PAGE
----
In April 1942, No. 77 Squadron was transferred to Coastal Command and Bennett was given command of No. 10 Squadron (Handley Page Halifax) and shortly afterwards led a raid on the German battleship Tirpitz. Shot down during that raid, he evaded capture and escaped to Sweden, from where he was able to return to Britain; he and his copilot were awarded the Distinguished Service Order (DSO) on 16 June 1942.
In July 1942, Bennett was appointed to command the new Pathfinder Force, an elite unit tasked with improving RAF Bomber Command's navigation. At this stage of the war, Bomber Command had begun to make night-time raids deep into Germany, but had not yet been able to cause significant damage, largely because only about a quarter of the bomb loads were delivered "on target" — and this at a time when "on target" was defined as within three miles of the aim point.
Pathfinder Force was set up to lead the bomber stream to the target areas and drop markers for the remainder of the force to aim at. Later in the war, the Pathfinder Force would be equipped with a range of newly developed and often highly effective electronic aids, but the initial object was to simply take experienced crews with standard equipment and hone their navigation skills.
Having already demonstrated that he could pass on his meticulous navigational ability to others, Bennett was an obvious choice for the role, yet nevertheless a surprising one. The Air Ministry's Directorate of Bomber Operations had for some time been pushing to establish an elite precision bombing force, but Bomber Command AOC-in-C Air Chief Marshal Arthur Harris was implacably opposed to the idea, on the grounds that an elite force would "lower the morale" of the other squadrons.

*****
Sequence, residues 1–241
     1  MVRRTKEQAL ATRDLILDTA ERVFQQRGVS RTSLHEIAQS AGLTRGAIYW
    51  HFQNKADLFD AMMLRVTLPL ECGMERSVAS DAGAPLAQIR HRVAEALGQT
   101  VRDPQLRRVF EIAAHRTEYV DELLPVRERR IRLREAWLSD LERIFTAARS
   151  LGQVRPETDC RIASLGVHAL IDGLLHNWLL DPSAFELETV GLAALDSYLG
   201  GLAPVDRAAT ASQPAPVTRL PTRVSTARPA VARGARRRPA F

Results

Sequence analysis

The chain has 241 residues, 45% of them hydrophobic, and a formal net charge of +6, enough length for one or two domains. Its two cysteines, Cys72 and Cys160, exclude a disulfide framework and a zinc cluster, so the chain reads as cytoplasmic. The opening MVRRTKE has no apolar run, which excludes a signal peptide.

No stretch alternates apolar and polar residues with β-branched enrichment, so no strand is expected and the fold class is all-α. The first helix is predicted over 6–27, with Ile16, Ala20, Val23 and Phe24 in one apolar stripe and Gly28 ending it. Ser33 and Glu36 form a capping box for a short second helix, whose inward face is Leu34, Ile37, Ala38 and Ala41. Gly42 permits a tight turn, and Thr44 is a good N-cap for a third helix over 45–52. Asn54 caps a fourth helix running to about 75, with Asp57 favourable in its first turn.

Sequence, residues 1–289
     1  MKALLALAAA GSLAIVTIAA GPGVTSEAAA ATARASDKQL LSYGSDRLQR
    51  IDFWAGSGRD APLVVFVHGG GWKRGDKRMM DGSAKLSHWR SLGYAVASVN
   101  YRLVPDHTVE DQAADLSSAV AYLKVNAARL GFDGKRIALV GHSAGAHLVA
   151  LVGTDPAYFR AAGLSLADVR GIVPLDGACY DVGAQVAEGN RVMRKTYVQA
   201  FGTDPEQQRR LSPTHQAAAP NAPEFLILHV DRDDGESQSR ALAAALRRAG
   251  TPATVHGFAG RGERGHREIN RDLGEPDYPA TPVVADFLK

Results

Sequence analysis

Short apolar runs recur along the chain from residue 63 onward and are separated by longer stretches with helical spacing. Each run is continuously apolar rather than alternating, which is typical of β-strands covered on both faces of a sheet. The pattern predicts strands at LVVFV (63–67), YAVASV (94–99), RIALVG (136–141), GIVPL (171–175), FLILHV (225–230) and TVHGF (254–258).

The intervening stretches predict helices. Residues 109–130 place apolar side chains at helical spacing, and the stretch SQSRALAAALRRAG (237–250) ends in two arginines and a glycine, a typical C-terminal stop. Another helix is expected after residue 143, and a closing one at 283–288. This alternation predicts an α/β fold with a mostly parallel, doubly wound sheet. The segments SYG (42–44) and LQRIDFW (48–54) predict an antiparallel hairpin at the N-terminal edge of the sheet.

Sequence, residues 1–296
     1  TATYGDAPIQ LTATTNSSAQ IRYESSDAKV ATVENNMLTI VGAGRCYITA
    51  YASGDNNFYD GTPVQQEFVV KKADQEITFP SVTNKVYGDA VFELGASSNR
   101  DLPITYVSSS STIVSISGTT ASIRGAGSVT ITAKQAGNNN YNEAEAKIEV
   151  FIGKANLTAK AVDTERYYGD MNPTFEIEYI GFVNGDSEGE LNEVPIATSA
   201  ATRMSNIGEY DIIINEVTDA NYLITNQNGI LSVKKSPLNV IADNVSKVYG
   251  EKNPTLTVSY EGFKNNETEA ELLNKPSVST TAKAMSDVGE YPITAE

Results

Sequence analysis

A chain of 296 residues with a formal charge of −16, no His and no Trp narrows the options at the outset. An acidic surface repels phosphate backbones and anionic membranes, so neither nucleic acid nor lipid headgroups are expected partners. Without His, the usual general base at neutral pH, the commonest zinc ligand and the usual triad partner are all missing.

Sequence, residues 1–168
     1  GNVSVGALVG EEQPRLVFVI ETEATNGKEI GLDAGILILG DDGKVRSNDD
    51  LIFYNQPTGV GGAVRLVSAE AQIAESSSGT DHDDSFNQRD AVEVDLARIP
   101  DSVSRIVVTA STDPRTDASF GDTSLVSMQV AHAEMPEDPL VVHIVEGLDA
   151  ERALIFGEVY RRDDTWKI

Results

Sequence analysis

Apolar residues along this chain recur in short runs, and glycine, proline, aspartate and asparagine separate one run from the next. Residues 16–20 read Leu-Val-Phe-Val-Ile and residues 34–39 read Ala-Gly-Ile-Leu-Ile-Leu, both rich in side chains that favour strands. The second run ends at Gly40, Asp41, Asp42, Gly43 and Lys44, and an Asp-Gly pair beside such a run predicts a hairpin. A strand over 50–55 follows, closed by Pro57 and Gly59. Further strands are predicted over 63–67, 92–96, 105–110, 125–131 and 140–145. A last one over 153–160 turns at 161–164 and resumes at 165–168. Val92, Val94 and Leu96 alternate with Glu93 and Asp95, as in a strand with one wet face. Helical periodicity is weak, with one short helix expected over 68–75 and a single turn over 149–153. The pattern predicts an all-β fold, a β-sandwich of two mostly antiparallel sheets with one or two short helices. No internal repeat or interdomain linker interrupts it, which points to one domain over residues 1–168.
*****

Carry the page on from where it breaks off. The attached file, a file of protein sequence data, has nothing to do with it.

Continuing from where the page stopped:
When Harris learned that Vice-Chief of the Air Staff Sir Wilfrid Freeman planned to order the change, and that the strong-willed Basil Embry would probably be given command of the new force, Harris bowed to the inevitable, but was given a "more or less free hand" in selection of the force commander and he chose to appoint Wing Commander Don Bennett without considering other candidates. Harris described Bennett as "the most efficient airman I have ever met". Bennett was called to Bomber Command HQ when he was on the point of leaving with his squadron for the Middle East. There he was informed by Harris that he was to lead a special force to make use of the new bombing and navigational aids then available and the more sophisticated ones that would follow. With effect of the 5 July he was promoted to group captain.
In 1943 Bennett was promoted with the upgrading of PFF to group status to air commodore. and then in December to acting air vice marshal  — the youngest officer to ever hold that rank – giving him a rank similar to those of the other commanders of groups. He remained in command of the Pathfinder Force until the end of the war, overseeing its growth to an eventual 19 squadrons, a training flight and a meteorological flight, working relentlessly to improve its standards, and tirelessly campaigning for better equipment, in particular for more Mosquitos and Lancasters to replace the diverse assortment of often obsolete aircraft the force started with.